2-5 Predicting the Future from Ancient Tectonism

-History of Fault Development in Fractured Rocks-

Fig.2-11 Photomicrographs of fractured rocks in a fault zone

Fig.2-11 Photomicrographs of fractured rocks in a fault zone

(a) Numerous cracks develop in rock fragments and minerals. (b) Rock fragments and minerals are comminuted, and fine clay minerals fill the gaps as a result of further fracturing and alteration.

 

Fig.2-12 X-ray diffraction (XRD) pattern for fault gouge

Fig.2-12 X-ray diffraction (XRD) pattern for fault gouge

Clay mineral components detected by XRD analysis: (1) No treatment, (2) ethylene glycol treatment (detection of smectite), and (3) hydrochloric acid treatment (detection of chlorite).

 

Fig.2-13 Noble-gas mass spectrometer for K-Ar dating

Fig.2-13 Noble-gas mass spectrometer for K-Ar dating

The isotopic ratio of argon is measured, and the absolute age of illite is calculated.

Rock fracturing, which is caused by fault displacement, leads to the formation of “fault zones” characterized by the aggregations of rock fragments and development of numerous cracks. The depth of the fault zone formation and the direction of fault displacement can be reconstructed on the basis of the deformation features of the rocks and minerals in a fault zone.

There are many faults in the Japanese Islands located on the boundary of the continental and oceanic plates. Prediction of future fault activities is significant for not only earthquake disaster prevention but also safety management of the geological disposal of high-level radioactive waste.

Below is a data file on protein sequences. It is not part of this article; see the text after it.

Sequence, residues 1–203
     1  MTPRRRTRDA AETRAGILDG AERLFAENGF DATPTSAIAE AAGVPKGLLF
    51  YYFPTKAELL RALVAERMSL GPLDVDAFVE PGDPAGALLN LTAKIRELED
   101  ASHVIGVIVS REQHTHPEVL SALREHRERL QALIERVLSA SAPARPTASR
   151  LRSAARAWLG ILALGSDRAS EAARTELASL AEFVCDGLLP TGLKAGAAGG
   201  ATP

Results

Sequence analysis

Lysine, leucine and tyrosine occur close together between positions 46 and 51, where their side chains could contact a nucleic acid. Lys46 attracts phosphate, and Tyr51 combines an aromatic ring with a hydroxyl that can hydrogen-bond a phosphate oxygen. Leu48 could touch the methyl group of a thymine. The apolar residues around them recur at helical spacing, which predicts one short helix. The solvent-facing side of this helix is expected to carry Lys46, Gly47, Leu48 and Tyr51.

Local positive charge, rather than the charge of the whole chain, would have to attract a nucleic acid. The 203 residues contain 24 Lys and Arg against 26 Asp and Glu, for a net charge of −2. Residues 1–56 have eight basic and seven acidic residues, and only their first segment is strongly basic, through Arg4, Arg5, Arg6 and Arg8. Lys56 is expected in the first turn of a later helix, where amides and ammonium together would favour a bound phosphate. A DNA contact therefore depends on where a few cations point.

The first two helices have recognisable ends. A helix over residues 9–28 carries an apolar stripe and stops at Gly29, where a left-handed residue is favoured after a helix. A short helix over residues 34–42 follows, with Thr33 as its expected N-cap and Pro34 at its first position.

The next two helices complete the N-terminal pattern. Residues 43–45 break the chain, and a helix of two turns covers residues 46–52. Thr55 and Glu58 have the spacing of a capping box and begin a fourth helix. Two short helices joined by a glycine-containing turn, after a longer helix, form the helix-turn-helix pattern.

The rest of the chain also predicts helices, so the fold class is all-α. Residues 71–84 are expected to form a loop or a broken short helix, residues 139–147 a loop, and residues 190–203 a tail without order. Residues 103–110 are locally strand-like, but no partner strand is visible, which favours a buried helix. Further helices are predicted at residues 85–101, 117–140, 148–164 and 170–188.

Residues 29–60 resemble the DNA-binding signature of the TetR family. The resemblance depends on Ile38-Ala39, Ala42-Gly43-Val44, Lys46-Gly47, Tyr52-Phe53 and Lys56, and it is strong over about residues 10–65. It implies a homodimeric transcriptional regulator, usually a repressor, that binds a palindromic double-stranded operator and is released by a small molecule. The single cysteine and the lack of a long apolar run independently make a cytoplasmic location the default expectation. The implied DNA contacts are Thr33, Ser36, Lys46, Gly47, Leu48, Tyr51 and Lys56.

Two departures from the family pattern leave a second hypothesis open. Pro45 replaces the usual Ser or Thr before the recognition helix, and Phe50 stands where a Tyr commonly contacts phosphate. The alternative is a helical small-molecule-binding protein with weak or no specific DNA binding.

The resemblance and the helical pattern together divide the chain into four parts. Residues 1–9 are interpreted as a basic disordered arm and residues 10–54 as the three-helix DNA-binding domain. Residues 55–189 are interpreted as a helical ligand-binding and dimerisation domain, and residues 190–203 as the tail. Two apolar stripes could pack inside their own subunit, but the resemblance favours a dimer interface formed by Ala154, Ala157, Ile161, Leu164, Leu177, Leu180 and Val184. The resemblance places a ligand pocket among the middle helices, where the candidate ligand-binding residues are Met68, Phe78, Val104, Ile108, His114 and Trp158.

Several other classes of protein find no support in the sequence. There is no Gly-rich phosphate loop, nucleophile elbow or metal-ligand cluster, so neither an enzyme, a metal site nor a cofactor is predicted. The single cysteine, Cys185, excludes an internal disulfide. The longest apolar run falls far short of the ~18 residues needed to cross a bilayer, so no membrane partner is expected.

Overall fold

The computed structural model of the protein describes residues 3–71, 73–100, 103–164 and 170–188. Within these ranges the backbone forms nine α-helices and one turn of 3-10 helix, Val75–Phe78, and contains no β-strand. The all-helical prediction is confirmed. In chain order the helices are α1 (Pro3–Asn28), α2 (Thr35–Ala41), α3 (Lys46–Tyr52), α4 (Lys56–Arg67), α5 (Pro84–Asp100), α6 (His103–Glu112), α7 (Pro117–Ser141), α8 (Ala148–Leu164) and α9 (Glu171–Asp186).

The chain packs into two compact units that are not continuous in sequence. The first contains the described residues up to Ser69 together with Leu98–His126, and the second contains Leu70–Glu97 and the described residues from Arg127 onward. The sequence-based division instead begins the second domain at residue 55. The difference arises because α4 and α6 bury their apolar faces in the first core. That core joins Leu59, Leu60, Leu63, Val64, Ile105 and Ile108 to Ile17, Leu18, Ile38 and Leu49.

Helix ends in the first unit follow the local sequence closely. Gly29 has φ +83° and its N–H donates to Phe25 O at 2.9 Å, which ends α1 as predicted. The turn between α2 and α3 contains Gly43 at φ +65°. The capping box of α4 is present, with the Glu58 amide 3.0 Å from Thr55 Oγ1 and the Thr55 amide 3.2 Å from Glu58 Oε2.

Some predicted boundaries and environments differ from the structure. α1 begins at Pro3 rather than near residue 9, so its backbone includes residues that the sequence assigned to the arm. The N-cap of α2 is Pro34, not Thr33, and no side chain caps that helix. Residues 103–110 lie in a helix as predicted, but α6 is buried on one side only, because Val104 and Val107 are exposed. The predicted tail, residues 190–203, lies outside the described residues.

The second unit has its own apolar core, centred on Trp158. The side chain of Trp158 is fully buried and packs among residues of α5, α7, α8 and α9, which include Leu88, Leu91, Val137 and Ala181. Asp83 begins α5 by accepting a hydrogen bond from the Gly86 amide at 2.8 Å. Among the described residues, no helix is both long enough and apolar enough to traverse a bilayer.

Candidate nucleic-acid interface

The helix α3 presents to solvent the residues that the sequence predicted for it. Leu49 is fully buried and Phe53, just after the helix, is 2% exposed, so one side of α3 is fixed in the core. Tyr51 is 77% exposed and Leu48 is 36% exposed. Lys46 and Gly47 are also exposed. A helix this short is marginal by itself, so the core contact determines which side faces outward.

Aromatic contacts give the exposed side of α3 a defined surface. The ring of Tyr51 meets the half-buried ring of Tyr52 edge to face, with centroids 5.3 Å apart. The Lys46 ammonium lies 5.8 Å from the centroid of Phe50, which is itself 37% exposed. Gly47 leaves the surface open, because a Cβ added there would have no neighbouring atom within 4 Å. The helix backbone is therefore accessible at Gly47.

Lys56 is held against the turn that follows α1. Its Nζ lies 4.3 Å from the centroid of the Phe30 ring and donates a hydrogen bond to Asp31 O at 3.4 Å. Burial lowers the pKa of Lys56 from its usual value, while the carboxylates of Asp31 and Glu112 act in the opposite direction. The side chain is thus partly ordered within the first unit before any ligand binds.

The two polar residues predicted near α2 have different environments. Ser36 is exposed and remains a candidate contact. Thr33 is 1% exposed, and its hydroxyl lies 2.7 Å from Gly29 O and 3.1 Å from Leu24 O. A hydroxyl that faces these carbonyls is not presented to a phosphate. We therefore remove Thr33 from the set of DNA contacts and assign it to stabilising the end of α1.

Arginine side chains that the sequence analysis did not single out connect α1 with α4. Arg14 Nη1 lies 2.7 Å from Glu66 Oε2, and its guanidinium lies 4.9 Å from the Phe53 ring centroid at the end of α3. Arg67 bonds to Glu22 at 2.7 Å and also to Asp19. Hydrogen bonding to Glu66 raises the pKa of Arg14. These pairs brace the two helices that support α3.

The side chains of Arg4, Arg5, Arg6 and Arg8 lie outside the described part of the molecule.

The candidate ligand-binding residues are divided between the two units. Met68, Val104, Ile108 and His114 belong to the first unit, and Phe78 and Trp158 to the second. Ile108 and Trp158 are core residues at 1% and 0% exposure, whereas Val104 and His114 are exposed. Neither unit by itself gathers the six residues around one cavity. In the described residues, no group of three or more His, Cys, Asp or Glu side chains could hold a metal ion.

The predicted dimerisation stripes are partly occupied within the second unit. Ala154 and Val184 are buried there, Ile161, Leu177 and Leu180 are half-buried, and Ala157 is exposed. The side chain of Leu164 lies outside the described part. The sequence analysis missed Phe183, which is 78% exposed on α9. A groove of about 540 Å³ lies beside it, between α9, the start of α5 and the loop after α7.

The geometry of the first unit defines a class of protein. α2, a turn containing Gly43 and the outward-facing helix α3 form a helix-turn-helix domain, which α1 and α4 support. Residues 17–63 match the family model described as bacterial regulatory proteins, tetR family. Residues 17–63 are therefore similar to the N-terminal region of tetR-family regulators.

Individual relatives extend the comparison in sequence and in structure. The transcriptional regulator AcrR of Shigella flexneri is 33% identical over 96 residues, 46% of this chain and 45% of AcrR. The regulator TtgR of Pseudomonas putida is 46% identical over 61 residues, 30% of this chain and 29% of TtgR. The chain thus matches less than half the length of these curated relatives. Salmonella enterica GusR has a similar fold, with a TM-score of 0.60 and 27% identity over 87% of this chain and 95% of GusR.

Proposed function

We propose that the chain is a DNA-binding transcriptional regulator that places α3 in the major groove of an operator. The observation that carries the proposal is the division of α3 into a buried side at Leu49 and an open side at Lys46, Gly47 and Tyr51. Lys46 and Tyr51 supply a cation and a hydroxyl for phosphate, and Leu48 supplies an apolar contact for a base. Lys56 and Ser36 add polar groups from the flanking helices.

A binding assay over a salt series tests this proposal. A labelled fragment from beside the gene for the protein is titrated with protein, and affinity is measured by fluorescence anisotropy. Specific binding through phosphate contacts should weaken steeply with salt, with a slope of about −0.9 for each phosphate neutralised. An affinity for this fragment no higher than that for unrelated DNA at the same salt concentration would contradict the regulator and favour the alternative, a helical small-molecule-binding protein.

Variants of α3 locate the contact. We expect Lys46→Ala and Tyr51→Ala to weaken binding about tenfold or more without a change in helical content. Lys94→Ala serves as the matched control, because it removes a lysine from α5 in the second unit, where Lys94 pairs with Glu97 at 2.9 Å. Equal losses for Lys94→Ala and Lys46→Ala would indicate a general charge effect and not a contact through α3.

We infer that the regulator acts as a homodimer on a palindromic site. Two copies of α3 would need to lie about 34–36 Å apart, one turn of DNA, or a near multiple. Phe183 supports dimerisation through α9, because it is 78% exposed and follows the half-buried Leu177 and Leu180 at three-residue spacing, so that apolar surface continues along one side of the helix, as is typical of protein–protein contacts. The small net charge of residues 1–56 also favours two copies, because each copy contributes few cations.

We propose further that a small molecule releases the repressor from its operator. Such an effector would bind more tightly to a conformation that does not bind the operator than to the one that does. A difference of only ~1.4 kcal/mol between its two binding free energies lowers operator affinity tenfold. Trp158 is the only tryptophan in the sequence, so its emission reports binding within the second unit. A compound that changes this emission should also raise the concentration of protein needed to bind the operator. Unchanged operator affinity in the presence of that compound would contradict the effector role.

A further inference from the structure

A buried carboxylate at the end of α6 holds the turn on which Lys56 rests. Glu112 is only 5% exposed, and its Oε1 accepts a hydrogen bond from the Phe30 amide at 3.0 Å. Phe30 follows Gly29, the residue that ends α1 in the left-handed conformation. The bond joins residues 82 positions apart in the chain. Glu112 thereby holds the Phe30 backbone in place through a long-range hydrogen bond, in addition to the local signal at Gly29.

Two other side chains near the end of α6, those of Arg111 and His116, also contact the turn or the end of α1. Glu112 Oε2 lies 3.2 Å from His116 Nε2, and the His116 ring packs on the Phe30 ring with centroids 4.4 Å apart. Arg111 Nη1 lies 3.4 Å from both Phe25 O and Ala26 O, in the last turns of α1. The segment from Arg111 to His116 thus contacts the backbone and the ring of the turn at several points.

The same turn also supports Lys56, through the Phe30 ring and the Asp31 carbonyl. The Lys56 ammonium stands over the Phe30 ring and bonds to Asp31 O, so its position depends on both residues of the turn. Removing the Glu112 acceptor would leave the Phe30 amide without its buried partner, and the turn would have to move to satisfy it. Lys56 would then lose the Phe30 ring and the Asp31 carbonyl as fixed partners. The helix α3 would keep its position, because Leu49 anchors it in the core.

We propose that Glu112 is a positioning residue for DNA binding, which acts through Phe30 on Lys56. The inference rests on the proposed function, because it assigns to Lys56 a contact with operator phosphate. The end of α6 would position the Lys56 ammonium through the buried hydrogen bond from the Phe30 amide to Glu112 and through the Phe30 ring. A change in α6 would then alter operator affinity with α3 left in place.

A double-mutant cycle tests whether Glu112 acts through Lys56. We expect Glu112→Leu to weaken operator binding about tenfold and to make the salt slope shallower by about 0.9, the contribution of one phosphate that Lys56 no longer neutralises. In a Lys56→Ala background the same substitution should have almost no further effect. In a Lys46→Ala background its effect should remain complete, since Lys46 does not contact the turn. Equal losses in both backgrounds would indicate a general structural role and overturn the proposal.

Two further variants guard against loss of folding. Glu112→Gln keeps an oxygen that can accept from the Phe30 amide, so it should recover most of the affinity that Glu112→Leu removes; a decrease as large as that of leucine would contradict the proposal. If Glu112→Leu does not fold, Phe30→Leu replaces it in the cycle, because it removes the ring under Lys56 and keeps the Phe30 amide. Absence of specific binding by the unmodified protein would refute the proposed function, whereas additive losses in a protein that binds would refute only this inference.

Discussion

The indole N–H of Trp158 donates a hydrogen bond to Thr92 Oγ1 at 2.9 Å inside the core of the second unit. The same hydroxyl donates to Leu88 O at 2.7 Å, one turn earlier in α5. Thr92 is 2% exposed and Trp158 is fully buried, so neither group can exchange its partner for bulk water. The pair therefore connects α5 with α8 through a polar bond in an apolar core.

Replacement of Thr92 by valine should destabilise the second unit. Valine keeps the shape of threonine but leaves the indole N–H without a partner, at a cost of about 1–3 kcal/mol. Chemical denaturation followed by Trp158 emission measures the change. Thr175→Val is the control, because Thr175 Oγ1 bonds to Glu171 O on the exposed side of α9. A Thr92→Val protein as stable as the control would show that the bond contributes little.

We have reconstructed the history of fault development on the basis of the spatial distribution and characteristics of the fault zones. In our study, we have revealed the spatial distribution of the fault zones through detailed field mapping and described the characteristics of fault zones through field sketches of fault outcrops and observations of fractured rocks and minerals by optical and electronic microscopes (Fig.2-11). Such a reconstructed history can be an important rationale for predicting future fault activities.

Water-rock interaction and subsequent formation of alteration minerals are observed in fault zones because the cracks in fractured rocks often become dominant groundwater paths. The type and distribution of the alteration minerals reflect the underground environment (water quality, temperature, etc.) where fault zones are situated when the water-rock interaction occurs. Thus, the study of alteration minerals is important for understanding the change in the underground environment, which is associated with fault zone development.

Clay minerals are typical alteration minerals formed in a fault zone. Fault gouge, which is an unconsolidated thin layer in a fault zone and composed of very fine minerals and rock fragments, is formed by intense, repetitive fault activities associated with rock fragmentation and water-rock interaction. Clay minerals such as illite, smectite, chlorite, and kaolinite are often present in a fault gouge (Fig.2-12). Illite is used in radiometric dating based on the measurement of the product of the radioactive decay of an isotope of potassium into argon (K-Ar dating; Fig.2-13). Thus, K-Ar dating of illite can be useful for determining the absolute age of fault development from the reconstructed history. However, it is technically difficult to distinguish authigenic, very fine illite, in a fault gouge, from other potassium-bearing minerals in and around a fault zone. We have also challenged the development of such a difficult radiometric age dating method.


Reference
Niwa, M. et al., Spatial Distribution and Characteristics of Fracture Zones Near a Long-Lived Active Fault: A Field-Based Study for Understanding Changes in Underground Environment Caused by Long-Term Fault Activities, Engineering Geology, vol.119, 2011, p.31-50.

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